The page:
What is a List?

Examples of Lists

          []    empty list:
                no elements
         [X]    list with one element:
                the variable X.
     [1,2,3]    list with three elements:
                the numbers 1,2,3.
[do,[re,mi]]    list with two elements
                the symbol do and 
                the list [re,me]

Components of Lists

A list is either empty, or it is composite, having a head and a tail.


The head of a non-empty list is its first element, eg


The tail of a non-empty list is what remains after removing its head, eg

Accessing Components of Lists

The Bar Notation

To access the components of lists, we employ a special notation which makes the head and the tail explicit.
standard notation    head   tail   bar notation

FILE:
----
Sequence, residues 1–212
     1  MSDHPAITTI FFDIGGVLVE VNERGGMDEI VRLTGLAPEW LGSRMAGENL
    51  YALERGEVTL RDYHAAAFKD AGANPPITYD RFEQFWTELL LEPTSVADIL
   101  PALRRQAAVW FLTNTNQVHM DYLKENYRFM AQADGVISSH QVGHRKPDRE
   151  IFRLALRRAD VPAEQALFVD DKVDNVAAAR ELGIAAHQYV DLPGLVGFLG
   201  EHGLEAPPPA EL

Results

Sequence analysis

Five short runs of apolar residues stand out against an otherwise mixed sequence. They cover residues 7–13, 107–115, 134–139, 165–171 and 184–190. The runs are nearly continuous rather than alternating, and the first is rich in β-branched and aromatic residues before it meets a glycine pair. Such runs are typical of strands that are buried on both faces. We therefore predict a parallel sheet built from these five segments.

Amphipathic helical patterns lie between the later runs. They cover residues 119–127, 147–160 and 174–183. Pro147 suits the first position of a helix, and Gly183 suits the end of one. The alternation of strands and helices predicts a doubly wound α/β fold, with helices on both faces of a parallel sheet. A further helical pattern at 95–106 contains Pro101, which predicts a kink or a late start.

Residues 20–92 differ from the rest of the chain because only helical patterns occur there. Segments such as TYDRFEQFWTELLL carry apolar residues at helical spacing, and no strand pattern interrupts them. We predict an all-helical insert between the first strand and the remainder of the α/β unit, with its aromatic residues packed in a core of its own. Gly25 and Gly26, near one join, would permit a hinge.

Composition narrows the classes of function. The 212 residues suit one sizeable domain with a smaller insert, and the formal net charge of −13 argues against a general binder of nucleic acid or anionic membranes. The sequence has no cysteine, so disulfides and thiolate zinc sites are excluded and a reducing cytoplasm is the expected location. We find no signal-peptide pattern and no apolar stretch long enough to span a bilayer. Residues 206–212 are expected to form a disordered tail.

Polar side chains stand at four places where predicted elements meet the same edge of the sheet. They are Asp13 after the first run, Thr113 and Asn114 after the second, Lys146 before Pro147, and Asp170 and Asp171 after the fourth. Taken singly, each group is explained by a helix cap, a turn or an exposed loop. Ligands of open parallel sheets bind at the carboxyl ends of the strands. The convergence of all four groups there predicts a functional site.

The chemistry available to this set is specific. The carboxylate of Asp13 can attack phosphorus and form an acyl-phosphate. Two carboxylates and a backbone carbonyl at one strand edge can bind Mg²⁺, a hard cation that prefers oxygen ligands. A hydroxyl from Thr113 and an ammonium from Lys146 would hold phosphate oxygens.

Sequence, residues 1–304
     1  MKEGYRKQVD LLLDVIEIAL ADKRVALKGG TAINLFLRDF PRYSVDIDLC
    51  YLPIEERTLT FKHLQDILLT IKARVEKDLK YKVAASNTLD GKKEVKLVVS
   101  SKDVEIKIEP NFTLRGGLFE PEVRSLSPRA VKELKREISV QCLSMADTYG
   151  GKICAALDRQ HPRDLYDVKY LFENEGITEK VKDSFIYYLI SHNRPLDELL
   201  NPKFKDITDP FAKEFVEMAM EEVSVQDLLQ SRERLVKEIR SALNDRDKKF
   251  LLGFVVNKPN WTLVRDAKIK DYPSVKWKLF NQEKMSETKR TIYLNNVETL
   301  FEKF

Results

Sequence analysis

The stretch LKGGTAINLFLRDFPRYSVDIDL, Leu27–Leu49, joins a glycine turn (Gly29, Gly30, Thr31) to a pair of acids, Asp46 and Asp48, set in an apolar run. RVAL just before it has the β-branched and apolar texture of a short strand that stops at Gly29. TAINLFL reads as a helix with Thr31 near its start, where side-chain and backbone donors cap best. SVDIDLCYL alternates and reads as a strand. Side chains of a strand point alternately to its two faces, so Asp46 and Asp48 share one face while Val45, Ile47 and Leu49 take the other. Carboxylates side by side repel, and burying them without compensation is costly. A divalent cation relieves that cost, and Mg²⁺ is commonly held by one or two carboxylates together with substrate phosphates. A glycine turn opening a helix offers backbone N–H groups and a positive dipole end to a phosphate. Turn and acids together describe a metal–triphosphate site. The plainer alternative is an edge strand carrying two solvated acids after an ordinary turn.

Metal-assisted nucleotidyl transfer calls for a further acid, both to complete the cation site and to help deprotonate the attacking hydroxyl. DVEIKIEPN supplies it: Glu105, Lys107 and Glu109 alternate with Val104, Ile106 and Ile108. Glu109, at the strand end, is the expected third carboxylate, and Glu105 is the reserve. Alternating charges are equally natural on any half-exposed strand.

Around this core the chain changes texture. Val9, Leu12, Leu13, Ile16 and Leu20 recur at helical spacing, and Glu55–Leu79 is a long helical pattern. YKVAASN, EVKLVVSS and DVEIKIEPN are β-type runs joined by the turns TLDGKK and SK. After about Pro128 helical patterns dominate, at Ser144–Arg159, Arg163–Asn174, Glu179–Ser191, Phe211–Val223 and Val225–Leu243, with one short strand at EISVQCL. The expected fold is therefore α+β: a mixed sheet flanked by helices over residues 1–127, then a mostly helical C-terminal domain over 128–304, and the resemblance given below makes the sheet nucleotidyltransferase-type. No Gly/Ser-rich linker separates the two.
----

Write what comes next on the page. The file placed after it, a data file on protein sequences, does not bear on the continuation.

[a]                  a      []     [a | []]

[a,b]                a      [b]    [a | [b]]

[[a,b],c]           [a,b]   [c]    [[a,b] | [c]]

The term [X | Y] (with X and Y variable) thus denotes a list with head X and tail Y. By unifying such a term against a list, the variables become bound, thus picking out head and tail. In the last case, we attempt to unify a composite list with an empty list. The result is failure.
term          term               unification results

[X | Y]       [a,b,c]            X=a        Y=[b,c]

[X | Y]       [a]                X=a        Y=[]

[X | Y]       [do,[re,me]]       X=do       Y=[[re,me]]

[X | Y]       [[do,re],me]       X=[do,re]  Y=[me]

[[do,X] | Y]  [[do,re],me]       X=re       Y=[me]

[X | Y]       []                     failure

Invoking Unification Explicitly with "="

In Prolog the results of unification can verified by explicit invocation of a goal involving the operator "=".
?- X = a.
?- [X | Y] = [a,b,c].
Normally, unification is invoked automatically whenevar the database is searched for clauses matching a given subgoal. The resulting variable bindings are then available to be used in subsequent subgoals.
Mike Rosner (
Last modified: Wed Apr 9 12:50:54 MET DST